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Proof-of-concept recall-by-genotype study of extremely low and high Alzheimer’s polygenic risk reveals autobiographical deficits and cingulate cortex correlates

Lancaster, Thomas ORCID:, Creese, Byron, Escott-Price, Valentina ORCID:, Driver, Ian ORCID:, Menzies, Georgina ORCID:, Khan, Zunera, Corbett, Anne, Ballard, Clive, Williams, Julie ORCID:, Murphy, Kevin ORCID: and Chandler, Hannah 2023. Proof-of-concept recall-by-genotype study of extremely low and high Alzheimer’s polygenic risk reveals autobiographical deficits and cingulate cortex correlates. Alzheimer's Research and Therapy 15 , 213. 10.1186/s13195-023-01362-y

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Background Genome-wide association studies demonstrate that Alzheimer’s disease (AD) has a highly polygenic architecture, where thousands of independent genetic variants explain risk with high classification accuracy. This AD polygenic risk score (AD-PRS) has been previously linked to preclinical cognitive and neuroimaging features observed in asymptomatic individuals. However, shared variance between AD-PRS and neurocognitive features are small, suggesting limited preclinical utility. Methods Here, we recruited sixteen clinically asymptomatic individuals (mean age 67; range 58–76) with either extremely low / high AD-PRS (defined as at least 2 standard deviations from the wider sample mean (N = 4504; N EFFECTIVE = 90)) with comparable age sex and education level. We assessed group differences in autobiographical memory and T1-weighted structural neuroimaging features. Results We observed marked reductions in autobiographical recollection (Cohen’s d =  − 1.66; P FDR = 0.014) and midline structure (cingulate) thickness (Cohen’s d =  − 1.55, P FDR = 0.05), with no difference in hippocampal volume (P > 0.3). We further confirm the negative association between AD-PRS and cingulate thickness in a larger study with a comparable age (N = 31,966, β =  − 0.002, P = 0.011), supporting the validity of our approach. Conclusions These observations conform with multiple streams of prior evidence suggesting alterations in cingulate structures may occur in individuals with higher AD genetic risk. We were able to use a genetically informed research design strategy that significantly improved the efficiency and power of the study. Thus, we further demonstrate that the recall-by-genotype of AD-PRS from wider samples is a promising approach for the detection, assessment, and intervention in specific individuals with increased AD genetic risk.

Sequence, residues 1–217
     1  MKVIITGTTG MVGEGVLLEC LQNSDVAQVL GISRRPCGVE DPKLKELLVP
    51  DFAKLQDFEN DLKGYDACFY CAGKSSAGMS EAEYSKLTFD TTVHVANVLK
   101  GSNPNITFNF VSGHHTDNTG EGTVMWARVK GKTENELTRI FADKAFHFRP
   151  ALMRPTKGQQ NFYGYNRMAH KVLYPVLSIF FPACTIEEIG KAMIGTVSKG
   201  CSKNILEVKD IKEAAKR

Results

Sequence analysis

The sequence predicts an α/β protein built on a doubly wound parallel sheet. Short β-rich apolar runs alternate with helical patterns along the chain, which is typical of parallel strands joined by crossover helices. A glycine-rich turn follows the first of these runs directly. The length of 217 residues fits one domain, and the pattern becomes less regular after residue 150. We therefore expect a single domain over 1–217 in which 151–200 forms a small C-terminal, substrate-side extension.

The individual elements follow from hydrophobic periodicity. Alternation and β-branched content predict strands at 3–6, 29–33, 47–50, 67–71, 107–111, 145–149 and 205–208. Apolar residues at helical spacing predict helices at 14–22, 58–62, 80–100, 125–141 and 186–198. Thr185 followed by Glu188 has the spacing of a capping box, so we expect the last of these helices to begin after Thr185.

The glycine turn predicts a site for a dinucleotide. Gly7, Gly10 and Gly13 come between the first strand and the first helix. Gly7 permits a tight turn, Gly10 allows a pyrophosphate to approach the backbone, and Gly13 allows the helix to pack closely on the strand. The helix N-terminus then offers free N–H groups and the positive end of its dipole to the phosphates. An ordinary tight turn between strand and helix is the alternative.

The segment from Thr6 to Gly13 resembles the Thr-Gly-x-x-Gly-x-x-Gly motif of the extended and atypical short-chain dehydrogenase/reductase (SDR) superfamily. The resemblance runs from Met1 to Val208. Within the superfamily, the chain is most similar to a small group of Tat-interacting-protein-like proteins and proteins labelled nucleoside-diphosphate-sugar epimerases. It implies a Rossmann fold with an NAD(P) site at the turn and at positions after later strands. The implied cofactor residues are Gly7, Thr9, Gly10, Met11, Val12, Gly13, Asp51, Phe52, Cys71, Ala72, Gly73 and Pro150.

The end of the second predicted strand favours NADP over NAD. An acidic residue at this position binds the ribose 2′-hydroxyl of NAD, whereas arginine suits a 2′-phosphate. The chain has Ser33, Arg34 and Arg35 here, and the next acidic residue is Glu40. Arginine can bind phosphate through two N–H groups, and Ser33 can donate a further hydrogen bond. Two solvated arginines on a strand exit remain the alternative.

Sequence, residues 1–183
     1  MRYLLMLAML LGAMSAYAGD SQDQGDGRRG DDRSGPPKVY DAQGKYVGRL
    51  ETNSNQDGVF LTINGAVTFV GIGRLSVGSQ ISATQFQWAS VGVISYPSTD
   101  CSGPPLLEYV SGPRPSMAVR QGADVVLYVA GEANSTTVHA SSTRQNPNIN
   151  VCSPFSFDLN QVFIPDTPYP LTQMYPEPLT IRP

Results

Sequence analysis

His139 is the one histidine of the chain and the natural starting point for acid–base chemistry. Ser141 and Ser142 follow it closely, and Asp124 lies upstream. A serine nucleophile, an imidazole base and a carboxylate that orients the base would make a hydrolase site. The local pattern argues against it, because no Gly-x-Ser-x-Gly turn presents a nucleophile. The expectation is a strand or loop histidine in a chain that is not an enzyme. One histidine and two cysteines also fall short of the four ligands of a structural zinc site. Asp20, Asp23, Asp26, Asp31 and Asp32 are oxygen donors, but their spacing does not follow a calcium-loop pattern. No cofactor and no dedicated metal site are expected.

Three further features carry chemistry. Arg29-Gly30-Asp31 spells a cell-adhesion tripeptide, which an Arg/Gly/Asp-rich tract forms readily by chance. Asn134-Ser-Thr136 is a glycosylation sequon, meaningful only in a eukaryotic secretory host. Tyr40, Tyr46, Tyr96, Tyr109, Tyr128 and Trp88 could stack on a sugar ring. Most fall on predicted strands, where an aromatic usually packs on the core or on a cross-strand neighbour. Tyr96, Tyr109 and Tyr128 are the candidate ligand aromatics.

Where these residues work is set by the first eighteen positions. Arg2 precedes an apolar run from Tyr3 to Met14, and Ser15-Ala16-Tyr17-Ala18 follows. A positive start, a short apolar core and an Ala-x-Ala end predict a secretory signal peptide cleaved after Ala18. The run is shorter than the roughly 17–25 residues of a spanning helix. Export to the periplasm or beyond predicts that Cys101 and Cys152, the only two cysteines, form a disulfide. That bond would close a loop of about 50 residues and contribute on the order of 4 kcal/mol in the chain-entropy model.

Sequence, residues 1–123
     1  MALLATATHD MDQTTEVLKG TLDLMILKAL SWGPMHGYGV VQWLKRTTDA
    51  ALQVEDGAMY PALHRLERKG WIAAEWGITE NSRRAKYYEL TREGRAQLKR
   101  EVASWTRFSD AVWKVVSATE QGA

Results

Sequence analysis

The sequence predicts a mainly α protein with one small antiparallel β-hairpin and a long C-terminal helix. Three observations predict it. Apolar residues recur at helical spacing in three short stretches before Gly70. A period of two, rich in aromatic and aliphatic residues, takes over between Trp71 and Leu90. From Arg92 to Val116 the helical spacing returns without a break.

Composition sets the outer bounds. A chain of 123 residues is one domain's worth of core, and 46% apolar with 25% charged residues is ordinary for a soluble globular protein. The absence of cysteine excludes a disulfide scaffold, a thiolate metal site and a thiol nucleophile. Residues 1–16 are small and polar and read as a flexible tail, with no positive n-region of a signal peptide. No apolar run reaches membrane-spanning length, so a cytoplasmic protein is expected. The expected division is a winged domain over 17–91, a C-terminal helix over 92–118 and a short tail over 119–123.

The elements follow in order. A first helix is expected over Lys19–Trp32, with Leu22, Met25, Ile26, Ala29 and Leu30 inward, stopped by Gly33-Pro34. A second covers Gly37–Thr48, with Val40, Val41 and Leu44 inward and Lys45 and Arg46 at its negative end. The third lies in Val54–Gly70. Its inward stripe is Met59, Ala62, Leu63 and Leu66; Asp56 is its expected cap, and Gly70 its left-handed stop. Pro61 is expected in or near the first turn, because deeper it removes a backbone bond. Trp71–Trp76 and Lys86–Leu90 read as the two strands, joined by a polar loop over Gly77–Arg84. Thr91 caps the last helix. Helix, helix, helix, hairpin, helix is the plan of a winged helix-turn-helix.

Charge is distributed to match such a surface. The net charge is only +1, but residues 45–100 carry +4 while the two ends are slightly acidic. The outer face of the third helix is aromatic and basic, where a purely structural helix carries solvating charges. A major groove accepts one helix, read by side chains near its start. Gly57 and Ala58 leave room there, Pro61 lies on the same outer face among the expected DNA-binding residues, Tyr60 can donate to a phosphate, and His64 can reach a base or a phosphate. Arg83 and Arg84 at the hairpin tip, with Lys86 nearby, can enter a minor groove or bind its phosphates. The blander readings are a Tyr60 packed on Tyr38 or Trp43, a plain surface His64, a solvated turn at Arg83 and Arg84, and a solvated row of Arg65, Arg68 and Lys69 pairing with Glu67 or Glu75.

Item Type: Article
Date Type: Publication
Status: Published
Schools: Medicine
Physics and Astronomy
Cardiff University Brain Research Imaging Centre (CUBRIC)
MRC Centre for Neuropsychiatric Genetics and Genomics (CNGG)
Publisher: BioMed Central
ISSN: 1758-9193
Date of First Compliant Deposit: 6 December 2023
Date of Acceptance: 29 November 2023
Last Modified: 13 Dec 2023 10:38

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